Kuroda isn't the only Japanese player from the major leagues that is gaining attention in his home country. NPB Tracker also notes Kei Igawa is garnering interest from Rakuten and Orix.

Meanwhile, Seibu shortstop Hiroyuki Nakajima and Yakult center fielder Norichika Aoki have asked to be posted. Nikkan Sports reports the Giants, Dodgers, Diamondbacks and Orioles may be interested in Nakajima.

Meanwhile, Chunichi left-hander Wei-Yin Chen is unsure whether he wants to move to the United States, according to the Chunichi Shimbun (also via NPB Tracker). Chen, 26, would be a free agent and not subject to the posting system. A native of Taiwan, Chen went 8-10 with a 2.68 ERA for the Dragons this season. He led the Central League with a 1.54 ERA  and 0.93 WHIP in 2009.

For more baseball news, rumors and analysis, follow @eyeonbaseball on Twitter or subscribe to the RSS feed.
Posted on: November 8, 2011 3:17 pm
Edited on: November 8, 2011 7:54 pm
 

Buehrle popular on free agent market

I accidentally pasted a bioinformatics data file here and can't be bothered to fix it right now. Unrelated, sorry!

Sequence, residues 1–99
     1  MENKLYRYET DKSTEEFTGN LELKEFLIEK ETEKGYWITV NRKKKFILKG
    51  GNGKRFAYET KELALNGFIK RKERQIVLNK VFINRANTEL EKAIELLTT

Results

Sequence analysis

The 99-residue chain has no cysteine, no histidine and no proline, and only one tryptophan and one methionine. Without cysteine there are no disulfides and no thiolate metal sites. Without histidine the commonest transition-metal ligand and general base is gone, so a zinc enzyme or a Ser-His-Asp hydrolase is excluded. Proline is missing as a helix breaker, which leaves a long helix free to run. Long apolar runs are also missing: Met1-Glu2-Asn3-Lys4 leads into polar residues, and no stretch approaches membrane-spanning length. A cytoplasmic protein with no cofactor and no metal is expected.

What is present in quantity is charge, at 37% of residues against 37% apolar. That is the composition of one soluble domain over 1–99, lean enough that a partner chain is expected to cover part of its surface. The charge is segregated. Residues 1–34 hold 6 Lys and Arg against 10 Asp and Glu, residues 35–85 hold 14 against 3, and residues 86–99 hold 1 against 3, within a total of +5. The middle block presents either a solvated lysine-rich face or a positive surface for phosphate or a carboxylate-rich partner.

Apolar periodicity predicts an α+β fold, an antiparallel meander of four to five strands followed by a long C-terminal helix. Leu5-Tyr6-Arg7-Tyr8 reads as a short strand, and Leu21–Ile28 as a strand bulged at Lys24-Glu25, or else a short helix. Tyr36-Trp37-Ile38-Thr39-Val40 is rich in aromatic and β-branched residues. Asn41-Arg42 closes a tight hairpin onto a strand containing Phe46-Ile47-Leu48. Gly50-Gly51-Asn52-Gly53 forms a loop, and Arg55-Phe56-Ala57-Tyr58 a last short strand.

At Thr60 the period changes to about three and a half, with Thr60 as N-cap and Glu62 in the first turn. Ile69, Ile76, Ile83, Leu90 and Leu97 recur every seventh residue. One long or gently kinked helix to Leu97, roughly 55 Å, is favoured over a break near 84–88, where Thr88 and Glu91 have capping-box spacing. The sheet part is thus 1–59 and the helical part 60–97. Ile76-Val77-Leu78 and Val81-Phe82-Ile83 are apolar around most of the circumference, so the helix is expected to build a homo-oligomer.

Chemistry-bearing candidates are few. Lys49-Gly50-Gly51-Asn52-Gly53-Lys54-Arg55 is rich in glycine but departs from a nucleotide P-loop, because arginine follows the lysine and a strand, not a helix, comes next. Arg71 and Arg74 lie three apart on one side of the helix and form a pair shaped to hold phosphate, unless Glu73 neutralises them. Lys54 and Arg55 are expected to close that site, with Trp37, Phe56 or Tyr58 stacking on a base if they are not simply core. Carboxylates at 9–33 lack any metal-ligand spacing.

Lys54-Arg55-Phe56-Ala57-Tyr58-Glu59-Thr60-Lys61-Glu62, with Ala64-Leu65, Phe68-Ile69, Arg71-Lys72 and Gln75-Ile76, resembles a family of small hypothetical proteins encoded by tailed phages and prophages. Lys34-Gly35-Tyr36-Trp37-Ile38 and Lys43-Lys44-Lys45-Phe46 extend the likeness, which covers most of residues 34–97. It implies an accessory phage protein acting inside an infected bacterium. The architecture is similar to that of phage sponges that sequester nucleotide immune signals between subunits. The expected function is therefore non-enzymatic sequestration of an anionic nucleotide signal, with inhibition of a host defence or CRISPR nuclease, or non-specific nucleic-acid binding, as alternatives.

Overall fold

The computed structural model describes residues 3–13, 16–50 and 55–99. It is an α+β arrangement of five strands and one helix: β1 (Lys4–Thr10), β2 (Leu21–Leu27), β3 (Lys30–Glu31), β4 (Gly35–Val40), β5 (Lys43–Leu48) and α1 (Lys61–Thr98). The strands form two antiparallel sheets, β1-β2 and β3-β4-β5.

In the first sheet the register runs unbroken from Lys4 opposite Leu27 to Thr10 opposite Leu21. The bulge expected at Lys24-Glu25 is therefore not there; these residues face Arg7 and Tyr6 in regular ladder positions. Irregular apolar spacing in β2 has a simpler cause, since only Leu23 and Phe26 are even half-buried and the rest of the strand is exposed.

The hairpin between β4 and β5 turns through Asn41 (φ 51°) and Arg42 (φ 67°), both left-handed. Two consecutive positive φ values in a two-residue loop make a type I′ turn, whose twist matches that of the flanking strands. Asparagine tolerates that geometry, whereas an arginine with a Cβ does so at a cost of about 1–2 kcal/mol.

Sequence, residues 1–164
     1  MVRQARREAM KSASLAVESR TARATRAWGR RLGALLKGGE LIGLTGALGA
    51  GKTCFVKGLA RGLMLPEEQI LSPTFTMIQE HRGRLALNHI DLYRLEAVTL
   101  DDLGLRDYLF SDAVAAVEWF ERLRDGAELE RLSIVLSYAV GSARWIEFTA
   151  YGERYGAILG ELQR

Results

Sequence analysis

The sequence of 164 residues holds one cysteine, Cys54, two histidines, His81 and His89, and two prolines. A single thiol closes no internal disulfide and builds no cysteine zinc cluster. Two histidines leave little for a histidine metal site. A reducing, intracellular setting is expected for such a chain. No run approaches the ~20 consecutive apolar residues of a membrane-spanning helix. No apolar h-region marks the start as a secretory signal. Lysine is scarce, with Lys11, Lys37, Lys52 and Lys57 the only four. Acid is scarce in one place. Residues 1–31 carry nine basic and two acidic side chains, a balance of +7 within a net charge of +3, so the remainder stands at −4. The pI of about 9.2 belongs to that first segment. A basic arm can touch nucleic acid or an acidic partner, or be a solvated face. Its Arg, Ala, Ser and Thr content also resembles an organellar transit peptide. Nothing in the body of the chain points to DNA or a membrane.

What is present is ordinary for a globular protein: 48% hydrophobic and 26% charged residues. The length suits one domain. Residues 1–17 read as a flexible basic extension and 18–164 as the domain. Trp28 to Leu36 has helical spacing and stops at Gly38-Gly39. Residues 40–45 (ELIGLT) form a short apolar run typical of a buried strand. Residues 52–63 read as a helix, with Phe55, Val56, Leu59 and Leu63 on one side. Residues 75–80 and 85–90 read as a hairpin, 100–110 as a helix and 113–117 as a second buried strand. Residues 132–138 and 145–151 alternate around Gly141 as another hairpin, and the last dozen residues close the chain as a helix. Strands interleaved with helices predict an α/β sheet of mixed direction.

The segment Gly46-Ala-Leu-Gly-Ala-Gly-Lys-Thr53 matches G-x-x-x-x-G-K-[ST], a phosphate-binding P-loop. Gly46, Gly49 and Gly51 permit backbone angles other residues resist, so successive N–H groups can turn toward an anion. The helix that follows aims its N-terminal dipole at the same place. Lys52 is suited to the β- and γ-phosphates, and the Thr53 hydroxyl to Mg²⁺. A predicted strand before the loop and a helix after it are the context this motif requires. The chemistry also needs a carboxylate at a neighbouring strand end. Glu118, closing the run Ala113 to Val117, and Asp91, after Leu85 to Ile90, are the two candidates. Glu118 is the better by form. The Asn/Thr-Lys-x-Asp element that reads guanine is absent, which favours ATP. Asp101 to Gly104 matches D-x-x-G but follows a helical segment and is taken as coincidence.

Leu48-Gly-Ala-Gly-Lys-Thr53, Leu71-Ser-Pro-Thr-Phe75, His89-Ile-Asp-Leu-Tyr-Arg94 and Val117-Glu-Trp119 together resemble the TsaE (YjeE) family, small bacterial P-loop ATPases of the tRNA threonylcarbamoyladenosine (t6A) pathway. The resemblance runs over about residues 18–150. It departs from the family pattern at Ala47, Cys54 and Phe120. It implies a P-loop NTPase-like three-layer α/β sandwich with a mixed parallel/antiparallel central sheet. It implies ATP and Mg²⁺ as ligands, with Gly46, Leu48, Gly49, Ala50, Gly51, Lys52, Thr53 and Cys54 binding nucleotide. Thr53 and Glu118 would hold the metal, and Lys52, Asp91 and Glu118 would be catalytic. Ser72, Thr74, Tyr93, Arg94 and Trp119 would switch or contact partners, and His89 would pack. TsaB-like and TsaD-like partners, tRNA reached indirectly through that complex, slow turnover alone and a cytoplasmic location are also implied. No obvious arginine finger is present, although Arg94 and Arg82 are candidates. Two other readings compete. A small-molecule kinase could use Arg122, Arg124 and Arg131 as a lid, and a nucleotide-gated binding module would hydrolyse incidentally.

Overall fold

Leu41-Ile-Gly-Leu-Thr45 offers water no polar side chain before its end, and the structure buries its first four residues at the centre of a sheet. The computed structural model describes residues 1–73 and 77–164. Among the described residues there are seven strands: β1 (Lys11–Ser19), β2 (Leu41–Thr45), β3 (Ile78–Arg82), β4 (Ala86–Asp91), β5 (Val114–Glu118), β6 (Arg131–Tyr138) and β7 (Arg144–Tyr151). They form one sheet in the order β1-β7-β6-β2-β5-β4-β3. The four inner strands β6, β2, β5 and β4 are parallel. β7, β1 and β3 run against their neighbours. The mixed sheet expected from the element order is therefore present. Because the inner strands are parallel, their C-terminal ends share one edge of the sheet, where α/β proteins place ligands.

By Matt Snyder

Starting pitcher Mark Buehrle has pitched 12 seasons for the White Sox, but he may be heading to a new address in free agency this offseason. And there's no shortage of suitors. Multiple outlets have reported that Buehrle is meeting with the Marlins Tuesday, but they aren't alone in their pursuit. According to Fox Sports, the Rangers, Red Sox and Yankees all have interest in Buehrle, while the Blue Jays are looking for starting pitching as well. The report didn't specifically say the Jays were among the Buehrle suitors, but if they need pitching they'll surely at least kick the tires.

The Yankees would greatly benefit from adding Buehrle behind CC Sabathia, and lefties fare better in Yankee Stadium. The Marlins need pitching depth and are looking to make a strong push in free agency with a new ballpark set to open. Plus, Ozzie Guillen had previously managed Buehrle in Chicago and he's now the Marlins' skipper. The Rangers likely have Buehrle in their sights in case C.J. Wilson signs elsewhere and the Red Sox, well, we know how badly they need better pitching.

Hot Stove Season
The interest in Buehrle makes sense. Not only is he a left-hander, but he's as durable as they come. He's made at least 30 starts and thrown at least 201 innings in each of the past 11 seasons. Because he doesn't rely on velocity, Buehrle's skills shouldn't deteriorate much as he ages, either. The four-time All-Star and three-time Gold Glover isn't an ace, but he'd be a strong two or three in most rotations. And while it seems like he's old since he's been around for so long, Buehrle's only 32.